A total of 131 experimental samples, plus 10 controls, passed PCR amplification, amplicon quantification and purification, Illumina MiSeq ver. 4 sequencing, and quality-control filtering. Sequences were processed using the R software platform, using DADA2, phyloseq, vegan, and assorted other packages.
Results and conclusions
The bacterial richness on lobster shells at the baseline timepoint, when lobsters were wild-caught, was higher than the winter time point, 4 months later, or the summer time point, 10 months later, for the same lobsters after having been kept in tanks, regardless of their temperature or shell disease status. Similarly, the bacterial community membership (unweighted Jaccard similarity) was similar for all samples at baseline, but diverged for later time points.
Tank temperature significantly affected microbial community membership (unweighted Jaccard similarity), as well as the abundance of those community members (weighted Bray-Curtis dissimilarity).
Contrary to our expectations, ESD shell disease index did not progress over time or in warmer conditions, and we hypothesized that frequent tank water changes and shell moltings may have reduced the microbial load. Preliminary results indicate that shell stage and shell disease index were positively associated with increased bacterial richness on lobster shells.
Citation: Ishaq*, S.L., Lee, G., MacRae, J., Hamlin, H., Bouchard, D. “The effect of simulated warming ocean temperatures on the bacterial communities on the shells of healthy and epizootic shell diseased American Lobster (Homarus americanus).” Ecological Society of America 2021. (virtual). Aug 2-6, 2021. (accepted talk)
SS 17: “Microbiomes and Social Equity” (19205)
Prerecorded content available on demand.
Live discussion: Thursday, August 5th, 2021, 9:30 AM – 10:30 AM Pacific Time
Microbiomes — environmental, human and other organismal symbionts — are increasingly seen as critical physiological, developmental and ecological mediators within and among living things, and between the latter and our abiotic environments. Therefore, it is no surprise that microbial communities may be altered, depleted or disrupted by social and economic determinants. Social inequality entails concrete alterations and differentiation of microbial communities among social groups, by way of such factors as nutritional access, environmental pollutants or green space availability, often to the detriment of human and ecosystem health. This special session will be organized as a panel discussion with break-out groups in order to provide participants the opportunity to discuss the ways in which social inequity interacts with microbiomes, and how we might intervene as scientists and communities to promote favorable microbiomes while advancing social equality. We hope to generate research questions and actionable items.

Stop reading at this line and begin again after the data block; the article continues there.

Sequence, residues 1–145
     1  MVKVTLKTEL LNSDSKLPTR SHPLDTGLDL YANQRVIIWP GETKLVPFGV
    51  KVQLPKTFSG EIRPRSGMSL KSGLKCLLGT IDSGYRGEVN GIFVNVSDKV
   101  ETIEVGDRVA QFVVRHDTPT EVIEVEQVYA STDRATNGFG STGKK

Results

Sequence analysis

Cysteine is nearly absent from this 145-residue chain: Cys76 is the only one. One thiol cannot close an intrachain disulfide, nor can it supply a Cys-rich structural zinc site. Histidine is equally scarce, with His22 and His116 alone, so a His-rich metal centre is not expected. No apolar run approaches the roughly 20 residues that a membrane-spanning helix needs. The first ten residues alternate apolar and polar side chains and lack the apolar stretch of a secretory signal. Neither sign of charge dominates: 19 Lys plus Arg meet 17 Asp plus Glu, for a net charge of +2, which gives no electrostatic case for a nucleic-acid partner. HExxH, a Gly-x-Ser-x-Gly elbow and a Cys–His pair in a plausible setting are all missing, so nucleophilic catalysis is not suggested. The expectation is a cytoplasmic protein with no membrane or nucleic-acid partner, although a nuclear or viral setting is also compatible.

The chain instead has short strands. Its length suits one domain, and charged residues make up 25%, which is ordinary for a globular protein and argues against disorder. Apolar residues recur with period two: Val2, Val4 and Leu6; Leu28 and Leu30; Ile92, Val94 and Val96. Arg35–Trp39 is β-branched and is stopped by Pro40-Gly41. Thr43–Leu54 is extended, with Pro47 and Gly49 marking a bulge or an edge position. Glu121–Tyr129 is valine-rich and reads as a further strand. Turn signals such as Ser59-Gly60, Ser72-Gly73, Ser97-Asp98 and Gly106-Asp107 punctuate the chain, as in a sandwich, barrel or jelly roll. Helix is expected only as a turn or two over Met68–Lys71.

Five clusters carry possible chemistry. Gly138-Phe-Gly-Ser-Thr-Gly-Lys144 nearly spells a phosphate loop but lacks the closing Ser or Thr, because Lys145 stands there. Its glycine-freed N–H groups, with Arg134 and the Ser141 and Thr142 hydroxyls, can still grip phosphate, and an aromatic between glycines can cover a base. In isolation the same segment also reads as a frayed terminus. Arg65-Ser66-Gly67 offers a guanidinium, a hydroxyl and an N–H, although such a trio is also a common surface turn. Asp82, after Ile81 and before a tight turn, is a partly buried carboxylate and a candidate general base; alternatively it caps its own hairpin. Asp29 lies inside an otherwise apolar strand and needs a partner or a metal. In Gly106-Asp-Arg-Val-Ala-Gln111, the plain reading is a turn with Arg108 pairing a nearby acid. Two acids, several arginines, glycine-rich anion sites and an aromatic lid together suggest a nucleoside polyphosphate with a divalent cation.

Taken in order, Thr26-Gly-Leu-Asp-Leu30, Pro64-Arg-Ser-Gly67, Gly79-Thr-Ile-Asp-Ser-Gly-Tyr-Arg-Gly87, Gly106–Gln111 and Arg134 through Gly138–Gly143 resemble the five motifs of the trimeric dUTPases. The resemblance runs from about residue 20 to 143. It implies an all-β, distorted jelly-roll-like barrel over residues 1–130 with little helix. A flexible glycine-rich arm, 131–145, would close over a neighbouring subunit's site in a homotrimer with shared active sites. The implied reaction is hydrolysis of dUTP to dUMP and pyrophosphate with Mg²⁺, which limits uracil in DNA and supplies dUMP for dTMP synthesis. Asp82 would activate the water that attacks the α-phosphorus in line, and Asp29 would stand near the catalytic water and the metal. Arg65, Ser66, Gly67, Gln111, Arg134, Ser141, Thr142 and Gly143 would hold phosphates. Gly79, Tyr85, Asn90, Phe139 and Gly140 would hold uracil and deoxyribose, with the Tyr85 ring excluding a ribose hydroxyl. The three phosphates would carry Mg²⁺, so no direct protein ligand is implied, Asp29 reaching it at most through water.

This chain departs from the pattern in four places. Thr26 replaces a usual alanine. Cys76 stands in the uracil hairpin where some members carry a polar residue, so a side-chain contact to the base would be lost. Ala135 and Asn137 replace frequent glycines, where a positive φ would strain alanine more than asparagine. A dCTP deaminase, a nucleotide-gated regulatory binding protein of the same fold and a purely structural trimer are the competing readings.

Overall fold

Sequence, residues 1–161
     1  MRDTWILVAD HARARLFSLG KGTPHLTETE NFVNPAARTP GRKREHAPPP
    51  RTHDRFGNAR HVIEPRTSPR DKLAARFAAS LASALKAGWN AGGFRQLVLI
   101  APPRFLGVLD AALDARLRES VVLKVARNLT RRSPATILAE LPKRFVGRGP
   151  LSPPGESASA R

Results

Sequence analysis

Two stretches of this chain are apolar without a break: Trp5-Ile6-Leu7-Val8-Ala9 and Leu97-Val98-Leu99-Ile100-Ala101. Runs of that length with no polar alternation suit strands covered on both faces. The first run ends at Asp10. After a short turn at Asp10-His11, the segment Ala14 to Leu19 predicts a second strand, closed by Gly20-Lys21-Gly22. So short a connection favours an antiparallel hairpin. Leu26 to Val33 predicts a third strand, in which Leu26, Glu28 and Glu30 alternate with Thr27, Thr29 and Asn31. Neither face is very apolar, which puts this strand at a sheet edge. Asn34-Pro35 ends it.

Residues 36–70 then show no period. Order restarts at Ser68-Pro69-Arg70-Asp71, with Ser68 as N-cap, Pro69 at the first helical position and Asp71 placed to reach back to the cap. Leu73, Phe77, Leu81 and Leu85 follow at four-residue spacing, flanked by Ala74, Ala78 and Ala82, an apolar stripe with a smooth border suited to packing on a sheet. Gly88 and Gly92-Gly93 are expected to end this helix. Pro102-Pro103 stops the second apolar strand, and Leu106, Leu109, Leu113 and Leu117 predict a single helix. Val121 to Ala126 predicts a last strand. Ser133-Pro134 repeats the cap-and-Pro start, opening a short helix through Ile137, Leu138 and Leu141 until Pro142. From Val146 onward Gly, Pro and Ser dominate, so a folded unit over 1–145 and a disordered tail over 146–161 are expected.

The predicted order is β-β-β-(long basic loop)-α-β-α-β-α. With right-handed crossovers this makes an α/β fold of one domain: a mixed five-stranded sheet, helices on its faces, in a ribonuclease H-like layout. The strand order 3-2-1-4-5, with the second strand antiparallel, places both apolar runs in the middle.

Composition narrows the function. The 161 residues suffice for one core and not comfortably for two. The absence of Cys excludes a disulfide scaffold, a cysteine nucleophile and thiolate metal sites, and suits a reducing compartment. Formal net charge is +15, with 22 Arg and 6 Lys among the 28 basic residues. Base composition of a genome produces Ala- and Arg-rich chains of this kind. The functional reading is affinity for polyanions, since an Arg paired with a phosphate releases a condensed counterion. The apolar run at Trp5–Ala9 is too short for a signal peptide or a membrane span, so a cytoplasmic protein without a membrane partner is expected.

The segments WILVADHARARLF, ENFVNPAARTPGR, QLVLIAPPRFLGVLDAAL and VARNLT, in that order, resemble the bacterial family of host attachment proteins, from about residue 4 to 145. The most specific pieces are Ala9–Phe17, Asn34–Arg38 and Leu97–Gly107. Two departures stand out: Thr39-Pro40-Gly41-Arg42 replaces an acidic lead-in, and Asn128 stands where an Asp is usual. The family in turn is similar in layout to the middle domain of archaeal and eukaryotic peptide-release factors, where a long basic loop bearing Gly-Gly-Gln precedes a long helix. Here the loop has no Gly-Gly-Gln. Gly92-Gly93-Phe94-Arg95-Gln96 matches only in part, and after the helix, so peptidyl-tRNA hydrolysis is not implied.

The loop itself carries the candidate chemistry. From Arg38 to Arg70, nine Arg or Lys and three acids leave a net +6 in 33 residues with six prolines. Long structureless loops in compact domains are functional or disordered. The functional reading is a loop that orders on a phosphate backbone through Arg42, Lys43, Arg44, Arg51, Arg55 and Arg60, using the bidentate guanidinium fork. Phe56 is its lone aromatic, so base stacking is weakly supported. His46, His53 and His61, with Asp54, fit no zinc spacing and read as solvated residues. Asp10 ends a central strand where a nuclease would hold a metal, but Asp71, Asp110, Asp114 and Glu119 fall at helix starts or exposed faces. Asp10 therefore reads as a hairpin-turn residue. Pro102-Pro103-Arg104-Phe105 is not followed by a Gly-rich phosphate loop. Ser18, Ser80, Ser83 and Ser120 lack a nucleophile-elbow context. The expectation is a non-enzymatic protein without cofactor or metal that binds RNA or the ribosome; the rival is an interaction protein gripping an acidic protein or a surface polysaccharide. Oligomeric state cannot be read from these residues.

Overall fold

Panel speakers: Michael Friedman, Naupaka Zimmerman, Justin Stewart, Monica Trujillo, Sue Ishaq, Sierra Jech, Jennifer Bhatnagar, and Ariangela Kozik ESA meeting program: https://www.esa.org/longbeach/
Citation: The Microbes and Social Equity Working group, “Special Session 17: “Microbiomes and Social Equity” (19205).”, Ecological Society of America 2021. (virtual). Aug 5, 2021.